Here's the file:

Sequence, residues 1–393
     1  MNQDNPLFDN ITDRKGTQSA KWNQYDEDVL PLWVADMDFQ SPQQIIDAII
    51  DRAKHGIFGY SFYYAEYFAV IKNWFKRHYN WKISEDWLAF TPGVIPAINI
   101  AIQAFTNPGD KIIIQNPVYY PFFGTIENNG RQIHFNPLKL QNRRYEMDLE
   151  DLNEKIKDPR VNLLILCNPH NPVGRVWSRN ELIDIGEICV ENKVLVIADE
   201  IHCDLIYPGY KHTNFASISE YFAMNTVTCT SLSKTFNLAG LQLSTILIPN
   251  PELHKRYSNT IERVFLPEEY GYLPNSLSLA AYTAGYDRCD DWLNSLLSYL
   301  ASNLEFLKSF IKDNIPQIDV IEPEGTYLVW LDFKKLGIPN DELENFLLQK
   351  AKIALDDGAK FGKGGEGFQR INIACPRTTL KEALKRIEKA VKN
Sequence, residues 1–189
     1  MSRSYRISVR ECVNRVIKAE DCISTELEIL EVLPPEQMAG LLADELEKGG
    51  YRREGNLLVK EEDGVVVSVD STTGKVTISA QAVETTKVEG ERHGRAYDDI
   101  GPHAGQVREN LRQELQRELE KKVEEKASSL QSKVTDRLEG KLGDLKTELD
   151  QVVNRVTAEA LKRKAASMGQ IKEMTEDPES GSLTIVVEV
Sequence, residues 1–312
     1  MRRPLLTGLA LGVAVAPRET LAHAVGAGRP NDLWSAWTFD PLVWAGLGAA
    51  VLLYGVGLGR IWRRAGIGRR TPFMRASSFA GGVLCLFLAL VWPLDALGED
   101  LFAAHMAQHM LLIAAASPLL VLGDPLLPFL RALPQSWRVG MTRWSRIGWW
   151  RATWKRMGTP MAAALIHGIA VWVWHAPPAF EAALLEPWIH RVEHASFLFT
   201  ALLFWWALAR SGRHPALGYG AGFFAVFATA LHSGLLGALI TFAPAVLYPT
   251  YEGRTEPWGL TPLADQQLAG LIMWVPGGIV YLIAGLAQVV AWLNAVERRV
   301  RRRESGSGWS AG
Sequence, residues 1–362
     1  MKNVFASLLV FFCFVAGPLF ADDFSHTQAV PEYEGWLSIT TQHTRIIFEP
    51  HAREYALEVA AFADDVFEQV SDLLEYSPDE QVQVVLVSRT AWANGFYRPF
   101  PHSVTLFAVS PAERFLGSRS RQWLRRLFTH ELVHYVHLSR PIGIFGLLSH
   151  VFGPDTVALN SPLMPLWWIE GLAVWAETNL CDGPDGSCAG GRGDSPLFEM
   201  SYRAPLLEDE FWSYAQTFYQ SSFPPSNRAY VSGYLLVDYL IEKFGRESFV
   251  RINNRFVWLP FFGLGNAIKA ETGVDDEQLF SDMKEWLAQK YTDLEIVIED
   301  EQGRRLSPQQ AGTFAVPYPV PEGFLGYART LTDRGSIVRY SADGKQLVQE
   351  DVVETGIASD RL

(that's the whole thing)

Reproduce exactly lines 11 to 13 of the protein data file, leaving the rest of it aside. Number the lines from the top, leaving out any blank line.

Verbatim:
     1  MSRSYRISVR ECVNRVIKAE DCISTELEIL EVLPPEQMAG LLADELEKGG
    51  YRREGNLLVK EEDGVVVSVD STTGKVTISA QAVETTKVEG ERHGRAYDDI
   101  GPHAGQVREN LRQELQRELE KKVEEKASSL QSKVTDRLEG KLGDLKTELD